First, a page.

Book Series Music and Visual Cultures, vol. 4

Selling Pianos with Pictures

Commercial Art and Keyboard Instruments from the Eighteenth Century to the 1920s

Michael Saffle

  • Pages: xv + 186 p.
  • Size:216 x 280 mm
  • Illustrations:110 b/w, 50 col.
  • Language(s):English
  • Publication Year:2021

  • ISBN: 978-2-503-58357-0
  • Paperback
  • Available

Pianos aren’t just for “entertainment,” at home or in the concert hall: they’re also manufactured goods, meant to be purchased and used for a variety of purposes. And pictures have always helped sell pianos and associated products, including keyboard music, for domestic as well as professional use.


Michael Saffle, Professor of Music and Humanities at Virginia Tech, has published books and articles about Franz Liszt, Richard Wagner, film and television music, and music for the 2012 and 2016 presidential elections. In 2000-2001 Saffle held the Bicentennial Fulbright Professorship in American Studies (a “Distinguished European Chair”) at the University of Helsinki, Finland. He has also held fellowships awarded him by the American Philosophical Society, the Rockefeller Foundation, and the Alexander von Humboldt-Stiftung.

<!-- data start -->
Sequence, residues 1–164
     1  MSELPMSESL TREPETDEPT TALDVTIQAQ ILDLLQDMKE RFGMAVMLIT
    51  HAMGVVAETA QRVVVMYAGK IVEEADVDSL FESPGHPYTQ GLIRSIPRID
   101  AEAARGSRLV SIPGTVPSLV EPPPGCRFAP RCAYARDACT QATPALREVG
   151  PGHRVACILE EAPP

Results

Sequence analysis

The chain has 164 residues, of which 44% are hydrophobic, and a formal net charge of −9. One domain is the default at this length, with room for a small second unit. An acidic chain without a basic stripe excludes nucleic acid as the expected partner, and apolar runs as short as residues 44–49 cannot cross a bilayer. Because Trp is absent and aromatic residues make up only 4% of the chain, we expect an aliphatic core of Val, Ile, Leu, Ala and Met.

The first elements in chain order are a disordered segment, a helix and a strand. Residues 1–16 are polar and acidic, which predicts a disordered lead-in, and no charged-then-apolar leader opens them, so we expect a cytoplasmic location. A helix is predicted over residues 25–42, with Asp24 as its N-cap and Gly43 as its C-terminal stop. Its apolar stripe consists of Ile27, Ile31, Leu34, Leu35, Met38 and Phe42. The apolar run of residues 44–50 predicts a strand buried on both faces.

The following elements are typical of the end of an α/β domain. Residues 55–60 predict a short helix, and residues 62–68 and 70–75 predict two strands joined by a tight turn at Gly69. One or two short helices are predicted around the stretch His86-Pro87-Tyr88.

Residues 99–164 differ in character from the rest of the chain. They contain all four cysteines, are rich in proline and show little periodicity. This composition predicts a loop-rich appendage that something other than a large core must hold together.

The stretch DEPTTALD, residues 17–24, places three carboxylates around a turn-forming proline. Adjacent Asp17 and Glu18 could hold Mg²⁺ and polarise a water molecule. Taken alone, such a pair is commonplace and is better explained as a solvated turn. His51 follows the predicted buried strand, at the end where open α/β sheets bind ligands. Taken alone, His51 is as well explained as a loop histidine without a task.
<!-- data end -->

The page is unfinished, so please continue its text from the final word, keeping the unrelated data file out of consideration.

Nineteenth- and early twentieth-century advertisements for pianos, pianists, merchants, music publishers and, above all, for domestic purchases are full of images employed for commercial rather than cultural purposes. This volume examines the commercial characters and significances of how pianos were pictured between the early days of ‘modern’ marketing to today. During the early 1920s, piano sales peaked in the United States; nevertheless, pianos have continued to be sold even as radios, record players, television sets and electric keyboards increasingly replace them as must-have sources of entertainment and improvement. The market for player pianos, although comparatively short-lived, also provided manufacturers and retailers with opportunities to depict pianos and pictures.



Chapter I: Advertising, Iconography, and Secondary Sources of Information

Previous Studies of Illustrated Piano Advertising

Musicological Iconography and Iconology

Advertising as a Professional Activity, 1865-1920

Chapter II: Changing Attitudes Toward Pianos and Pianists

Pianos as Objects of Admiration, Denigration, and Social Caché

Women and Keyboard Instruments: Traditional Associations and Early Illustrations

Display, Religion, Respectability, Talent, and “Piano Girls”

Chapter III: The Evolution of Illustrated Piano Advertising, 1770-1925

Early Piano Advertisements, Endorsements, and Testimonials

Illustrated Piano Advertising Comes of Age, 1865-1910

Concluding Observations

A Synopsis of Illustration Piano Advertising and Advertising’s Emerging Importance

The Declining Importance of Pianos and the Increasing Popularity of Phonographs, Radios, Other

Electric Devices, and Guitars